Everyday Self-Care

Even the Little Things Can Go a Long Way

By Karrie Osborn

Self-care is everywhere. It’s in the massage you just booked, the five minutes of quiet you just claimed for yourself, and even in reading this article. But can you find simple ways to bring even more self-care into your life? Consider the little things.

While I’m Brushing Self-Care 

Heath and Nicole Reed, co-founders of Living Metta, love finding ways to add self-care into their routines. Heath, who has a history of chronic ankle instability, practices one-legged squats while he’s brushing his teeth. When he’s flossing, he adds some “tai chi walk”—a medical qigong move that builds strength and power from the ankles to the low back. When Nicole brushes, she also does gentle calf stretches to help wake up and get her body ready for the day. What can you do during your two-minute brush?

Head-Aware Self-Care

Do you sit at a desk hunched over a computer most of your workday? Then you are likely moving toward a forward-head posture if you’re not careful. As we lean in to our work, our desk, or our screen, our muscles shorten, and our head becomes dead weight—10 pounds of additional weight for every inch your head sits forward of normal, to be exact. Stop this progression in its tracks! Be aware of where your head is in relation to your shoulders. Teach yourself to check in on your head posture frequently throughout the day. Readjust. Feel what “normal” is supposed to be (the ear should align over the shoulder, which aligns over the hip, which, when standing, aligns over the ankle). Remember what it feels like. Rinse, repeat, and keep that head where it belongs to prevent neck and back pain.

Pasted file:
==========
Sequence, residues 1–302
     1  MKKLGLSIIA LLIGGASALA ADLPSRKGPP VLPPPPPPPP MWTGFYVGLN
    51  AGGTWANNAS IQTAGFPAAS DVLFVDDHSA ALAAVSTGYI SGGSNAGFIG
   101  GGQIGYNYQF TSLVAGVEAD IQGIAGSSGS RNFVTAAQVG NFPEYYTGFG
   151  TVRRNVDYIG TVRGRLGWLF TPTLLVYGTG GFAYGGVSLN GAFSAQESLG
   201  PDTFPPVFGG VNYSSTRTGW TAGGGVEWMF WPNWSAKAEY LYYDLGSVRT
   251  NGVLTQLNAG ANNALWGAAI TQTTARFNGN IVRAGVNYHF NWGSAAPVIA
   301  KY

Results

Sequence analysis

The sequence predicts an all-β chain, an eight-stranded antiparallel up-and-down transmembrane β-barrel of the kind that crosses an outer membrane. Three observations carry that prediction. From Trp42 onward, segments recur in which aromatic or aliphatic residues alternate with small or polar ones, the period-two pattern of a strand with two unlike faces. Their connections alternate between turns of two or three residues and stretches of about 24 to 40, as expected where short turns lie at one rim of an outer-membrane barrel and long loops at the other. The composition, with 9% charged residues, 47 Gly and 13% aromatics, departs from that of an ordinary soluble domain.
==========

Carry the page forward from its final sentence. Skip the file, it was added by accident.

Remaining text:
Love Your Doorway Self-Care

Do you hold stress in your shoulders? One of the easiest tips for opening up those tight muscles around your shoulders and neck is a door stretch. There are several variations of this stretch, but the most popular is often called the goal-post stretch, where you place your forearms and palms parallel to the door frame at a 90-degree angle as you lean forward to stretch your pectoral muscles. Every time you get up from your desk, give those tight muscles a good stretch to open you up and counteract the desk-jockey syndrome.